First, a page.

How To Childproof Windows And Blinds
Windows can be one of the most dangerous threats in the home to children because they pose significant risks that can lead to substantial injury or even death.
Incidents that occur in the home are just as perilous as potential impacts that exist outside of it, which makes these issues just as important to address for keeping children safe and secure. Where windows are concerned, the biggest fear is that a child can somehow open one and fall out of it from a great height. This is a concern for homeowners who have an apartment or condominium in a high rise building or a free-standing home with more than one upper floor.
Some homeowners believe that having a screen on their window will help to prevent a child from climbing out or falling through. That is not the case.
There are other hazards as well, such as the risk of a window falling down on a child’s fingers or head causing mild to severe injury. Even the blinds hung on a window can pose a threat to a child.
That’s why it’s so important to babyproof windows before something occurs and you can prevent these many dangers from impacting your child’s well-being. In an effort to bring a heightened awareness to making the home safer for your child around windows and blinds, check out these helpful hints:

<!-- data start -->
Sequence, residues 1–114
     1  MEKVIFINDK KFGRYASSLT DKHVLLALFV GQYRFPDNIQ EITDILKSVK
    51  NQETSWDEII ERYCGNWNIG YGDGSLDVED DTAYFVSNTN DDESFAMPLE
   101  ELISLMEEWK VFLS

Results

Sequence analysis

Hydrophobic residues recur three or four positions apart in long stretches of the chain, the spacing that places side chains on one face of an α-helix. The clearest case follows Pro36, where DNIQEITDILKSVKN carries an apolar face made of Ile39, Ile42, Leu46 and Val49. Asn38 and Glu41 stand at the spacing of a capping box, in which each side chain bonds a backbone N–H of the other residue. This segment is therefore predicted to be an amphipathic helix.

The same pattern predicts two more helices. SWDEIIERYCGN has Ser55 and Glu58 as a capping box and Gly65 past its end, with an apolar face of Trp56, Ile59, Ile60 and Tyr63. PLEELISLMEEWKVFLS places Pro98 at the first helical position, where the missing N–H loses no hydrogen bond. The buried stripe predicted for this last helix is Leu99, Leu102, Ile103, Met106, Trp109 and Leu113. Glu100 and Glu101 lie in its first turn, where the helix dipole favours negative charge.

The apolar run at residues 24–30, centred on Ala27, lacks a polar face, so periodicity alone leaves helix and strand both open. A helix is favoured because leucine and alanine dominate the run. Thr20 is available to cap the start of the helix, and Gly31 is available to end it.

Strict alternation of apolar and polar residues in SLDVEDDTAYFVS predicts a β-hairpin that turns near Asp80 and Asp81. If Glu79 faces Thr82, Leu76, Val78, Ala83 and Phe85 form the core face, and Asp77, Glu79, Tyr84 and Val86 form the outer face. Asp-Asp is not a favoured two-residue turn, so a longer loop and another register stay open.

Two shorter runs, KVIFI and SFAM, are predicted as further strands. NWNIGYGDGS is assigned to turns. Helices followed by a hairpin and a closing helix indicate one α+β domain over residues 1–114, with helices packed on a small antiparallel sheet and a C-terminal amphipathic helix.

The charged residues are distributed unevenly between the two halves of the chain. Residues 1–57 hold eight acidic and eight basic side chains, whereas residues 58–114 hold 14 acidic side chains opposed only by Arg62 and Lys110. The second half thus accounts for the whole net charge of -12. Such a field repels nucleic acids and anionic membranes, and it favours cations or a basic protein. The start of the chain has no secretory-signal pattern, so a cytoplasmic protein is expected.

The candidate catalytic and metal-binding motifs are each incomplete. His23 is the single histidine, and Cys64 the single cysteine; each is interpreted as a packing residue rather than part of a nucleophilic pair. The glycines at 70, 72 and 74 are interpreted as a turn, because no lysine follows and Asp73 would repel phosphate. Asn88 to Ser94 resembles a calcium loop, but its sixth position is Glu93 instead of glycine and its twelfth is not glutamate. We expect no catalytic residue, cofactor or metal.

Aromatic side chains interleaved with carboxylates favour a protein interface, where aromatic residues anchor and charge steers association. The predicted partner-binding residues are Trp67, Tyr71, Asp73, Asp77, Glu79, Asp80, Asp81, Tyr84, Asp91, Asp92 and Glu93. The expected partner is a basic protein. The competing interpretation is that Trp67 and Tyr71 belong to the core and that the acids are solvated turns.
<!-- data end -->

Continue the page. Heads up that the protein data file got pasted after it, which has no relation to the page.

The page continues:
The most basic method for keeping children from opening and climbing through a window is to simply lock it. But the type of lock you need is going to rely on the type of window you have installed. Sliding windows, casement windows, double-hung windows, each one will need its own unique lock in order to keep it shut.
They are too soft and pliable to be relied upon to keep your child from falling out of it. Screens are not to be trusted as the only protection from a tragedy. That’s why you should also look into installing a window guard along with a screen. These are sturdier solutions designed to prevent your child from climbing out or falling from a window with a screen.
Hanging cords are too dangerous for households with small children as they can pose a choking hazard. So you can either tie them away from areas where small fingers can reach them or install cordless options that can do the same job just as effectively.
A crank is too attractive for a child to look past. Their shape is inviting and they don’t take much effort to operate and open a window. But you can take away this distraction by removing cranks from the windows they open. When a child can’t grasp the crank, it is physically impossible to get the window ajar.
Keep Furniture Away
Nearly all windows are positioned away from the ground, which means that a child needs to climb up to the sill, the frame, and the sash in order to get it open. If they can reach the window, they have a better chance of opening it.
Furniture is a convenient way for a child to get close to the window as they climb up on a chair or couch positioned near or directly in front of it. Moving these items away from your windows can help keep children at bay.
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